These individual stories help viewers confront the role of gender during the Watergate era, but they downplay one important part of the historical context: social activism. The show’s focus on Martha Mitchell is entertaining, as she was a colorful figure who has received recent attention from journalists and scholars. Her story had largely been forgotten, but Slow Burn and a broader wave of interest in Watergate during the Trump presidency helped elevate Martha in the public’s recollection of Watergate. “I’m going to start with a story that you’ve probably never heard,” said Slow Burn creator/narrator Leon Neyfakh when introducing Martha Mitchell to his audience in 2018. The podcast showed that the unveiling of the scandal was not just about heroic journalists or the men who ran the Senate Watergate hearings. Gaslit’s focus on Mitchell illuminates sexism that the women’ movement of the era sought to change, but Gaslit does little to connect its female characters to this or other movements that defined the period. Viewers should not expect the series to adhere to the standards of historians, but the antiwar movement played a crucial role in Nixon’s downfall. His obsession with combatting the influence of antiwar activists led to the Huston Plan, the 1970 Nixon White House plan for increased surveillance of New Left radicals, and the eventual creation of the Plumber’s Unit that conducted the Watergate break-in. Gaslit’s brief references to the antiwar movement do not offer enough context to inform viewers of the political stakes of the period. Characters or other references to protest do not come close to capturing the diversity of the movement of the early 1970s. There is a shot of demonstrators outside the 1972 Republican National Convention, but their purpose is unclear. Nixon’s top aides hear a report that the House is considering an impeachment resolution on the 1970 invasion of Cambodia, but the viewer does not know why that would be an impeachable offense. There is no mention that the spring of 1970 saw some of the largest antiwar protests, including a student strike that shut down hundreds of campuses nationwide.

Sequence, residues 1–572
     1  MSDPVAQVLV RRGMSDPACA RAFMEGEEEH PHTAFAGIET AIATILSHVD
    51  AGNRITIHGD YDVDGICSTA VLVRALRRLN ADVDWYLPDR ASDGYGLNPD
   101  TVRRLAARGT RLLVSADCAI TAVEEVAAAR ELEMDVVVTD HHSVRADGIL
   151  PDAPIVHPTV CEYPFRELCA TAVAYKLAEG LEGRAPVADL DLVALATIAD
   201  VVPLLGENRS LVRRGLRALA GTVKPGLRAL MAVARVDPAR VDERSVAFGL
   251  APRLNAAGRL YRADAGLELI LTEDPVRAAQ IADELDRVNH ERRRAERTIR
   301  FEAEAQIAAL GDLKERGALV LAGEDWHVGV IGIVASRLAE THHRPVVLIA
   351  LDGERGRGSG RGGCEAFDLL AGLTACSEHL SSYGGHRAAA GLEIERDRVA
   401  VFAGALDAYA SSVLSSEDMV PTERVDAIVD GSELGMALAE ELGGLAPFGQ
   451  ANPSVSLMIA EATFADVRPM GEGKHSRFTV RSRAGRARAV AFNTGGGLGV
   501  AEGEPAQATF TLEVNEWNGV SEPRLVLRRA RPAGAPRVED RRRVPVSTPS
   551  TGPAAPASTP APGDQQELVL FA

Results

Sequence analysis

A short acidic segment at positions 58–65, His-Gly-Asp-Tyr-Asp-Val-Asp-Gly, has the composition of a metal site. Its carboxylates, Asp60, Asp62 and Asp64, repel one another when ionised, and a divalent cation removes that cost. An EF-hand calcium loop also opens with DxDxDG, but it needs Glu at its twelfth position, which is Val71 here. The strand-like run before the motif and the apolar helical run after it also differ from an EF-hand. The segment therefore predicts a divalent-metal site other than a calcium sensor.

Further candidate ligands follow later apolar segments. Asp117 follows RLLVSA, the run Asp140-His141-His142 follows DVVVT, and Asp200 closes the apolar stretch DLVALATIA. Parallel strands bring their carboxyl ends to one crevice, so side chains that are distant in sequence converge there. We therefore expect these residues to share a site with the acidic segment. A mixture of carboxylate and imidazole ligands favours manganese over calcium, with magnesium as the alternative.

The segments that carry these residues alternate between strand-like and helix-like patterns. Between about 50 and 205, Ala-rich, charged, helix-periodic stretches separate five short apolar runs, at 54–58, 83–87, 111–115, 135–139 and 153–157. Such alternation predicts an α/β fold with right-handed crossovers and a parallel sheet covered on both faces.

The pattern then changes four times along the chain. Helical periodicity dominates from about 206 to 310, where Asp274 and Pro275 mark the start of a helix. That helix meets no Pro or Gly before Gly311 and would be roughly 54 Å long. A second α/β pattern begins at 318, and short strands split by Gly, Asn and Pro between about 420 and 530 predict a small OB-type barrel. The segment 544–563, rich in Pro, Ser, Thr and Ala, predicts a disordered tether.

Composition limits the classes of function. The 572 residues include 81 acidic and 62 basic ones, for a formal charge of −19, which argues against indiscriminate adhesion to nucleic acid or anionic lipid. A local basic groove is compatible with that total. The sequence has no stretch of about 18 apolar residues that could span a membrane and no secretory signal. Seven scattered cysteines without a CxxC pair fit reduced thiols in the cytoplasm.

The one scene in which the series gives significant time to the antiwar movement is its faithful depiction of singer Carole Feraci’s courageous protest at a White House reception in 1972. Seconds before the Ray Conniff Singers were about to perform, Feraci broke from the group and told President Nixon to “Stop the Killing.” She read from a note before being escorted from the room: “Mr. President, stop the bombing of human beings, animals, and vegetation. You go to church on Sunday and pray to Jesus Christ. If Jesus Christ were in this room tonight, you would not dare to drop another bomb. Bless the Berrigans and Daniel Ellsberg.” Daniel and Philip Berrigan were Jesuit priests who engaged in radical forms of antiwar protest; the former served time in prison for destroying hundreds of draft files with others who were part of the Catonsville Nine. Ellsberg was a former military analyst turned whistleblower who famously leaked the Pentagon Papers in 1971. Without Ellsberg, Nixon may have never created the Plumbers Unit. Gaslit covers quite a bit of ground in its eight episodes, but it is worth pondering why there are no characters that could help explain how the antiwar movement affected the Nixon White House. It’s an important question considering the wider absence of flattering portrayals of those who opposed the Vietnam War in Hollywood.